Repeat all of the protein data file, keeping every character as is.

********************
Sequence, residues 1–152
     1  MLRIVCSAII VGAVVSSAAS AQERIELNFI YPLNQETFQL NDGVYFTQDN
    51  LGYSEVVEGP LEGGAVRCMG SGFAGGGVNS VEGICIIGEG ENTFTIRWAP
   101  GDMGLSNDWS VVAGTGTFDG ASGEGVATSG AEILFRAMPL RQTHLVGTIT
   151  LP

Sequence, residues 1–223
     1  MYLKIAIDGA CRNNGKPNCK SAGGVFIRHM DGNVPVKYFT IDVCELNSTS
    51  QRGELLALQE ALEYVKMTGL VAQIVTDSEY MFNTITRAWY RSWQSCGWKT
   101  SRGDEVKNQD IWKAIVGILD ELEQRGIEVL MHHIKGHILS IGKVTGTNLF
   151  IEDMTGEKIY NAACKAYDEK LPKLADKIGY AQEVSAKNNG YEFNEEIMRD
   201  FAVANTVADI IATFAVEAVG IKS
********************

Sequence, residues 1–152
     1  MLRIVCSAII VGAVVSSAAS AQERIELNFI YPLNQETFQL NDGVYFTQDN
    51  LGYSEVVEGP LEGGAVRCMG SGFAGGGVNS VEGICIIGEG ENTFTIRWAP
   101  GDMGLSNDWS VVAGTGTFDG ASGEGVATSG AEILFRAMPL RQTHLVGTIT
   151  LP

Sequence, residues 1–223
     1  MYLKIAIDGA CRNNGKPNCK SAGGVFIRHM DGNVPVKYFT IDVCELNSTS
    51  QRGELLALQE ALEYVKMTGL VAQIVTDSEY MFNTITRAWY RSWQSCGWKT
   101  SRGDEVKNQD IWKAIVGILD ELEQRGIEVL MHHIKGHILS IGKVTGTNLF
   151  IEDMTGEKIY NAACKAYDEK LPKLADKIGY AQEVSAKNNG YEFNEEIMRD
   201  FAVANTVADI IATFAVEAVG IKS